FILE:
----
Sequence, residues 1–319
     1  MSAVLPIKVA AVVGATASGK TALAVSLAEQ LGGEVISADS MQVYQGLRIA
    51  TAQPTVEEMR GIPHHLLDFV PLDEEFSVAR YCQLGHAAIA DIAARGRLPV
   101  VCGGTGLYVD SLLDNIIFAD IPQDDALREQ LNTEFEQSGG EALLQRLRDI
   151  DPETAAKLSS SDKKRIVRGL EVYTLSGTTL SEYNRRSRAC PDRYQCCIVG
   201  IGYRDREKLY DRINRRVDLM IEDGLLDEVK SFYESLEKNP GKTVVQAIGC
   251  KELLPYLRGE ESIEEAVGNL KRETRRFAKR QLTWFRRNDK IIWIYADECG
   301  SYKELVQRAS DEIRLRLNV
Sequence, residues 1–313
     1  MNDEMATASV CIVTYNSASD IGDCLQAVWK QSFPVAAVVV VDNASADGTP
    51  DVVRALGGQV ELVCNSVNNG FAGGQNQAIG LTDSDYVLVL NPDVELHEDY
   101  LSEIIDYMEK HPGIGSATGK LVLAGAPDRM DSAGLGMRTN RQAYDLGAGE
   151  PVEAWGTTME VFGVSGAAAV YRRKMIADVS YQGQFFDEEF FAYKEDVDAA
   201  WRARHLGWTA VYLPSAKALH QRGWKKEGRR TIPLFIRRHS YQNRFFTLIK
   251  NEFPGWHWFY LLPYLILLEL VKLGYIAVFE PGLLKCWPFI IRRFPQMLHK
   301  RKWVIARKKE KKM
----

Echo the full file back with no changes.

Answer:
Sequence, residues 1–319
     1  MSAVLPIKVA AVVGATASGK TALAVSLAEQ LGGEVISADS MQVYQGLRIA
    51  TAQPTVEEMR GIPHHLLDFV PLDEEFSVAR YCQLGHAAIA DIAARGRLPV
   101  VCGGTGLYVD SLLDNIIFAD IPQDDALREQ LNTEFEQSGG EALLQRLRDI
   151  DPETAAKLSS SDKKRIVRGL EVYTLSGTTL SEYNRRSRAC PDRYQCCIVG
   201  IGYRDREKLY DRINRRVDLM IEDGLLDEVK SFYESLEKNP GKTVVQAIGC
   251  KELLPYLRGE ESIEEAVGNL KRETRRFAKR QLTWFRRNDK IIWIYADECG
   301  SYKELVQRAS DEIRLRLNV
Sequence, residues 1–313
     1  MNDEMATASV CIVTYNSASD IGDCLQAVWK QSFPVAAVVV VDNASADGTP
    51  DVVRALGGQV ELVCNSVNNG FAGGQNQAIG LTDSDYVLVL NPDVELHEDY
   101  LSEIIDYMEK HPGIGSATGK LVLAGAPDRM DSAGLGMRTN RQAYDLGAGE
   151  PVEAWGTTME VFGVSGAAAV YRRKMIADVS YQGQFFDEEF FAYKEDVDAA
   201  WRARHLGWTA VYLPSAKALH QRGWKKEGRR TIPLFIRRHS YQNRFFTLIK
   251  NEFPGWHWFY LLPYLILLEL VKLGYIAVFE PGLLKCWPFI IRRFPQMLHK
   301  RKWVIARKKE KKM